• Since you can't not paste as a brush, things you don't want to use as brushes will eat up the 5-brush buffer, eventually pushing away the stuff you'd want to use unless you take special measures to keep them in memory.
  • Drawing is a one-off operation without potential for adjustments later, and brushes are centered around the mouse cursor, which makes it really difficult to paste large images (if you're zoomed in so you can make precise adjustments, you can't see the edges of the sprite so you're drawing blindly, if you're zoomed out so you can align it properly you can't make precise adjustment)
  • Since copying also creates brushes instead of putting the image on the system clipboard, you can't copypaste an image to a separate paint program for quick filters... and you can't even copypaste images from one sprite to another unless you first open both of them for editing!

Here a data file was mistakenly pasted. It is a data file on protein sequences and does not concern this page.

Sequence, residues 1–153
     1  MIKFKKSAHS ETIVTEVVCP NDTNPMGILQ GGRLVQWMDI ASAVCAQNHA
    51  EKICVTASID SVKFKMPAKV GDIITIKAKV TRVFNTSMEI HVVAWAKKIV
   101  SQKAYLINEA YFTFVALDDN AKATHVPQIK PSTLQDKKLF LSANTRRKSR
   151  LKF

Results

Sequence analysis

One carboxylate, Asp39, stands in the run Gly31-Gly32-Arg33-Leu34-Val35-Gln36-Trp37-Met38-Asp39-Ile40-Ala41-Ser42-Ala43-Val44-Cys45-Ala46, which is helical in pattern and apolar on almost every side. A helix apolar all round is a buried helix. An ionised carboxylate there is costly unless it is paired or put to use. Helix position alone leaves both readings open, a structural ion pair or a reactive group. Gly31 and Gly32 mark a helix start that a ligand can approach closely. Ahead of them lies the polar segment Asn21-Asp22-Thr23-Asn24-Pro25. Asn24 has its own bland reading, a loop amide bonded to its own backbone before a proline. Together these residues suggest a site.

I wish I had a tick box that when I create a sprite it automatically creates an object for it if I tick the box. e.g I name a sprite spr_Beasty and I tick create obj it creates obj_Beasty automatically as well. Im lazy. ;)
You have it the wrong way 'round... there's a button to create a new sprite on the object editor form, it's one of the old GM traditions.
 

gnysek

Member
I'm not sure, but I think that there window focus issues in sprite editor, and sometimes when I cannot copy and paste, clicking (preferably with selection tool) fixes this issue.

I've added question about Image editor using Q&A Form :) We'll see if they gonna say something about it :)
 

Yal

🐧 *penguin noises*
GMC Elder
I'm not sure, but I think that there window focus issues in sprite editor, and sometimes when I cannot copy and paste, clicking (preferably with selection tool) fixes this issue.

I've added question about Image editor using Q&A Form :) We'll see if they gonna say something about it :)
As far as I can tell there's an issue where copying only makes an image available for pasting in currently open image editor windows, which might very well be a feature intended to work around the lack of a clipboard. So select->copy->open new sprite->paste won't work, you need to open the target sprite first and then copy the source.
 
Top